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I get the impression it has to do with either some quirk involved with limiting to 2^8 or that I'm misunderstanding what addition can be within the context of a finite field, but I'm not quite sure why it's described as 'addition' in the literature I read but the code I see implements it with XOR.

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    $\begingroup$ What is your understanding of addition in a finite field? $\endgroup$ – Yuval Filmus Apr 13 '20 at 16:05
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    $\begingroup$ There's nothing special about the 8. $\endgroup$ – Yuval Filmus Apr 13 '20 at 16:07
  • $\begingroup$ @YuvalFilmus My understanding is rough but it's that they're an extension of finite rings where the number of elements is a power of the prime (including the prime itself), what this means in practice is something I have little understanding of $\endgroup$ – Faissaloo Apr 13 '20 at 17:05
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Finite fields are usually described as polynomials over the base field (in this case $GF(2)$) modulo some irreducible polynomial. If you represent each polynomial as a vector of coefficients, then addition of polynomials corresponds to elementwise addition of the coefficients, which in the case of $GF(2)$, translates to XOR.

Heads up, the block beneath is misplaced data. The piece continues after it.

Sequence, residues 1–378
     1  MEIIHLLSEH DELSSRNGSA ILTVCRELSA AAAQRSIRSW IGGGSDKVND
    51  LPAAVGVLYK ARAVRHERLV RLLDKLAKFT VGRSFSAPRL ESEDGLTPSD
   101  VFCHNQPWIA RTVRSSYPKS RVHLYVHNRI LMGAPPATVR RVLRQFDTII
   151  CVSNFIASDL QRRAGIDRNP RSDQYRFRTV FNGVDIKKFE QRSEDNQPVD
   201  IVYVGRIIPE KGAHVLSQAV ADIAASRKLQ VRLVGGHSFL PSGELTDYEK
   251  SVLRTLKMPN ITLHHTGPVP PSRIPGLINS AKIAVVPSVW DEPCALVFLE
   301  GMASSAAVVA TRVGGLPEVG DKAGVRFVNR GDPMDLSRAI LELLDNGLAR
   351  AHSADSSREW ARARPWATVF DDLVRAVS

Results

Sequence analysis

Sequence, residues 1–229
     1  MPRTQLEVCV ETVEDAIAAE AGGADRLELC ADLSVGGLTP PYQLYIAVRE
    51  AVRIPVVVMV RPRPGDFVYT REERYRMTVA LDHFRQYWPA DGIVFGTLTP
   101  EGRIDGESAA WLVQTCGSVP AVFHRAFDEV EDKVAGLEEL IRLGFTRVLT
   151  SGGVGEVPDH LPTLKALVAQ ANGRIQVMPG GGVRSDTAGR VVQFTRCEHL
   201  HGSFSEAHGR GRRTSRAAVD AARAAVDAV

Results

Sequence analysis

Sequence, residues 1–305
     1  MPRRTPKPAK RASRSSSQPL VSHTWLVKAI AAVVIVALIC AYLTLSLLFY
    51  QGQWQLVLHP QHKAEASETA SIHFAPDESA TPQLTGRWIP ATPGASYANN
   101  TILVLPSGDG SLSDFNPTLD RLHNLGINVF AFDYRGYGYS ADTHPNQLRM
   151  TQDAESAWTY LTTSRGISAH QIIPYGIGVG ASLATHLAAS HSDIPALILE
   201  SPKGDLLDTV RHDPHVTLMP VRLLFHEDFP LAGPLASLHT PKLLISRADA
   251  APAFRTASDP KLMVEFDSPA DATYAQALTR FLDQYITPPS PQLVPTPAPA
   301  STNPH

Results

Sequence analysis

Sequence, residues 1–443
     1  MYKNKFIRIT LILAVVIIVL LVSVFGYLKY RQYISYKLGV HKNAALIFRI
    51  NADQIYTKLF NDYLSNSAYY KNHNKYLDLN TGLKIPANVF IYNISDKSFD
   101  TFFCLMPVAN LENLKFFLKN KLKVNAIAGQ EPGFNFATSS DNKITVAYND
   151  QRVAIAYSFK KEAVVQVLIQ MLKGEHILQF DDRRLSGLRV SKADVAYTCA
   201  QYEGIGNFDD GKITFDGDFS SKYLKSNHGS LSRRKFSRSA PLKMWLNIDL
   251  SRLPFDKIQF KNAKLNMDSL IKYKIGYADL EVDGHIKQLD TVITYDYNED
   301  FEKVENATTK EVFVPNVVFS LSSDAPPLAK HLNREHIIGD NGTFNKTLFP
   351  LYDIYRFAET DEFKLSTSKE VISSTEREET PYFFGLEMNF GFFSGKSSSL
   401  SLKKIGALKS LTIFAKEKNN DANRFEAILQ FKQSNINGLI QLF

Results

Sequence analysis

For example, suppose that your field elements are $1+x^2$ and $x+x^2 + x^5$. Their binary representations are $101$ and $100110$ (LSB is the coefficient of $1$). Their sum is $1+x+2x^2+x^5 = 1+x+x^5$ (since $2=0$ over $GF(2)$), whose binary representation is $100011$. This is the XOR of $101$ and $100110$.

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  • $\begingroup$ I have some questions: Why does 1+x^2 correspond to 0b101? Why does XOR correspond to elementwise addition? Why isn't a carry possible? $\endgroup$ – Faissaloo Apr 13 '20 at 17:09
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    $\begingroup$ The bits in the binary representation are the coefficients of $1,x,x^2,x^3$ and so on. Addition is just addition of polynomials, that is, addition in $GF(2)[x]$. The coefficients of each $x^i$ are added separately. I don't see where a carry would come in. $\endgroup$ – Yuval Filmus Apr 13 '20 at 17:22
  • $\begingroup$ I think I see what you're trying to say, so 101 is in fact the representation of 1x^0+ 0x^1 + 0x^2 but you've written the simplified version correct? With this information now the addition stuff makes sense $\endgroup$ – Faissaloo Apr 13 '20 at 18:25

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